Jockey shows yield boost and long-lasting yellow rust suppression suggests Frontier
By Rob Jones
23 July 2012
Frontier trials have shown that Jockey seed treatment may be a very useful tool in growers' armoury this autumn after its significant performance in substantially reducing yellow rust and boosting yields.
According to Frontier's Jim Carswell, in three of the company's trials on the highly rust susceptible varieties Robigus and Oakley, plots treated with Jockey held off yellow rust infections until the T1 spray timing in mid April.
The trials were conducted on two sites - Haywold in East Yorkshire and Horningsea in Cambridgeshire - compared Jockey (fluquinconazle + prochloraz) with a single purpose seed dressing.
"At Haywold we have been running trials across 14 different varieties on Jockey versus a single purpose seed dressing since 2001 to assess the benefits of broad-spectrum seed treatments for take all control - the mean yield recorded over the 11 seasons has been 10.95 t/ha for Jockey - treated versus 10.62 t/ha for the plots treated with the single purpose dressing," explains Jim Carswell. "Over five years in Cambridgeshire the same consistency in performance has been seen with yield differentials from the same treatments of 9.26 t/ha with Jockey treated versus 8.94 t/ha for the single purpose treated."
He says that he puts this yield boost down to control of take-all but even in low take-all pressure seasons, our trials have still shown a benefit from Jockey. One possible reason was the stimulation of rooting that Jockey is recognised to deliver following work conducted by Pete Berry at ADAS for BASF.
But what is of more value to growers this season is the impact of Jockey on yellow rust control. He said to put the current varietal susceptibility into context, of the 38 varieties (Recommended List candidates included) growing at Horningsea this year, in the untreated trials only eight varieties didn't have significant yellow rust issues when I walked through them at T1 timing.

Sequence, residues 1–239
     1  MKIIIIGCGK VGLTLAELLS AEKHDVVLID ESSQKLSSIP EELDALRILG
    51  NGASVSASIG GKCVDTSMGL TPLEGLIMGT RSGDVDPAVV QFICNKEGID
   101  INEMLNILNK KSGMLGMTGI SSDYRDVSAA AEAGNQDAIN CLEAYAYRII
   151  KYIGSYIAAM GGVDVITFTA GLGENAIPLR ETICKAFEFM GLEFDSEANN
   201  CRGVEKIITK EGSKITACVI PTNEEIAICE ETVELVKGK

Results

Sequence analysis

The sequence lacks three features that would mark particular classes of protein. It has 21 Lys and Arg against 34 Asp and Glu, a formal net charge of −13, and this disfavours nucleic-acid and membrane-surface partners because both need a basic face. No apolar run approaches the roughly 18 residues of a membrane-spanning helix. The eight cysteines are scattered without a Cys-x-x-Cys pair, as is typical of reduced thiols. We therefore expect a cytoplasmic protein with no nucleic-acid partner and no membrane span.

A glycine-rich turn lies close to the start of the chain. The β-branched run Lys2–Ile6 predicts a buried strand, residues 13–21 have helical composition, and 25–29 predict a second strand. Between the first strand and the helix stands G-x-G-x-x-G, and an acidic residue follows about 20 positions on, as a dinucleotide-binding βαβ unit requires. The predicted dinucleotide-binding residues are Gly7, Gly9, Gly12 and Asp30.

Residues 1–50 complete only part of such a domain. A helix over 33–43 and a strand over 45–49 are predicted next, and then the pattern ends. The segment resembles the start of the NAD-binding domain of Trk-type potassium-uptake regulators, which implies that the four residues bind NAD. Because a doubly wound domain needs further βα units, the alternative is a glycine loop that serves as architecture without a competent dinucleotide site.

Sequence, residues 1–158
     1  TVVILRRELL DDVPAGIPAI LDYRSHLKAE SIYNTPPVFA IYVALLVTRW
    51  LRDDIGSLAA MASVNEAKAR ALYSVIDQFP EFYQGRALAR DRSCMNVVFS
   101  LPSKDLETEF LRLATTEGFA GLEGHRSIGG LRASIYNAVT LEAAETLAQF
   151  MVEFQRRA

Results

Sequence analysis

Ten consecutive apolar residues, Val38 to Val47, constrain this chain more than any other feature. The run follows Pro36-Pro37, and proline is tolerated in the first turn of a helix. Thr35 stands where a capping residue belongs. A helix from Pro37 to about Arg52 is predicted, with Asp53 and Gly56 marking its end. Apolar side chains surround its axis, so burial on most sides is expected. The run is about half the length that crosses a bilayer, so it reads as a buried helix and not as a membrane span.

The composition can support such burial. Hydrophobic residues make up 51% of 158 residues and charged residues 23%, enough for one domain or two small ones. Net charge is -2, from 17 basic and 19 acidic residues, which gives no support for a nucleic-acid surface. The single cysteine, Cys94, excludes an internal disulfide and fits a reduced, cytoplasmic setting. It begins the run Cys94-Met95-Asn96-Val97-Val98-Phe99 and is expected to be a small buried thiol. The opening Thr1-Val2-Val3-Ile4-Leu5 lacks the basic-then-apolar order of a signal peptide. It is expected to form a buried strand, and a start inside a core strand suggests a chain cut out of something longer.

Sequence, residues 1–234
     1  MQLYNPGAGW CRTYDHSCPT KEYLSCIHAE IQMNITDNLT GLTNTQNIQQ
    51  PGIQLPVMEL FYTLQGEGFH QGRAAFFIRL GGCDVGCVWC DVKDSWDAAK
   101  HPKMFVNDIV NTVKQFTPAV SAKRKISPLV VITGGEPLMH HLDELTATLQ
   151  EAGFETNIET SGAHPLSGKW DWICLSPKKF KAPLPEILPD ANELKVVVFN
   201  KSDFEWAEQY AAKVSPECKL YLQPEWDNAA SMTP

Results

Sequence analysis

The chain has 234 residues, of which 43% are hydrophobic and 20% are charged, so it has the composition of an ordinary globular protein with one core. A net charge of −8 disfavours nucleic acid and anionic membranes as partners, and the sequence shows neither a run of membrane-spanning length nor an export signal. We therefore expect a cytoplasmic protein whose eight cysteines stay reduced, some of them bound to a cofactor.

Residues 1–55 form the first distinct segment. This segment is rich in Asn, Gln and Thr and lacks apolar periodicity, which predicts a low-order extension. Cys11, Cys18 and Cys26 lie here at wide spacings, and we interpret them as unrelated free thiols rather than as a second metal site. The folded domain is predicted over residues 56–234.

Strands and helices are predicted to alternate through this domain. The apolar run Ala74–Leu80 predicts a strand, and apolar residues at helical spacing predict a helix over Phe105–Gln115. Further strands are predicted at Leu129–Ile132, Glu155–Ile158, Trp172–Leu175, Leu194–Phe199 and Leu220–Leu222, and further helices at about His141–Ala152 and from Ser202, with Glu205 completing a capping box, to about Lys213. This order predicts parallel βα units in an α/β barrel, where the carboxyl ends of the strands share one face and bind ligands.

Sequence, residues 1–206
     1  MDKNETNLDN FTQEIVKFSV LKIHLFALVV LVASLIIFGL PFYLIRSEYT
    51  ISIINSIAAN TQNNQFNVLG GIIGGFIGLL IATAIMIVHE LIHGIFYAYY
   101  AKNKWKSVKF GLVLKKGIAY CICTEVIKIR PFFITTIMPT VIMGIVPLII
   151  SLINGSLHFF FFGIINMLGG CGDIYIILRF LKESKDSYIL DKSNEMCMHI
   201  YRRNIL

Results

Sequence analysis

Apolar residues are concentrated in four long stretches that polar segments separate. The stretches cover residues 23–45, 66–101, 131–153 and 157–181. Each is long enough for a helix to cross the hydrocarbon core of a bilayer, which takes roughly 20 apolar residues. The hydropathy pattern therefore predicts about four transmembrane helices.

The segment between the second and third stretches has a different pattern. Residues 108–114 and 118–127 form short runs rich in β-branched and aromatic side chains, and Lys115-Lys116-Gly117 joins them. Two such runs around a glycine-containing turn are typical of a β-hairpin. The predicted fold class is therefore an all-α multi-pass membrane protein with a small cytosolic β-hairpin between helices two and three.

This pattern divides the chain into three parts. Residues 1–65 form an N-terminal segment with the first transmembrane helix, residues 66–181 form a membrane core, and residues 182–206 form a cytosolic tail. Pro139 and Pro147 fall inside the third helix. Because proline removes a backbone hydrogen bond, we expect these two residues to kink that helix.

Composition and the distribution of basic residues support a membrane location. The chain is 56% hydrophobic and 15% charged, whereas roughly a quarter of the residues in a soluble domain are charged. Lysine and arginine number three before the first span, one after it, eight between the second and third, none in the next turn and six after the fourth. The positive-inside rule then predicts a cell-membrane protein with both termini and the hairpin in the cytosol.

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"At Haywold, a third wheat Robigus crop drilled on the 14th September treated with the single purpose dressing showed 11.7% foliar yellow rust at GS32 on the 16th April versus just 0.7% in the Jockey treated crop."
Under the highest yellow rust pressure Frontier trials experienced this year at the Yorkshire site, on an Oakley crop drilled in a first wheat slot on the 23rd September, the Jockey treated crop showed zero yellow rust foliar infection compared with 6.7% infection on the plots treated with Kinto seed dressing (prochloraz + triticonazole) at GS32 on the 16th April."
On the third Jockey trial, again on Robigus at Horningsea, the crop drilled on 20th September in a second wheat slot show zero foliar yellow rust at GS32 on the 16th April compared to 1.7% for the Kinto treated." Mr Carswell says that the trials consistently show that the suppression of yellow rust is significant even on very rust susceptible varieties.
Frontier's Bob Mills suggests that with over 60% of the drilled area this autumn likely to be susceptible, or very susceptible to yellow rust, Jockey makes "very good sense particularly after the early BYDV threat wanes by later in September." He added that the Fusarium pressure following the wet summer adds to the need for a robust seed treatment.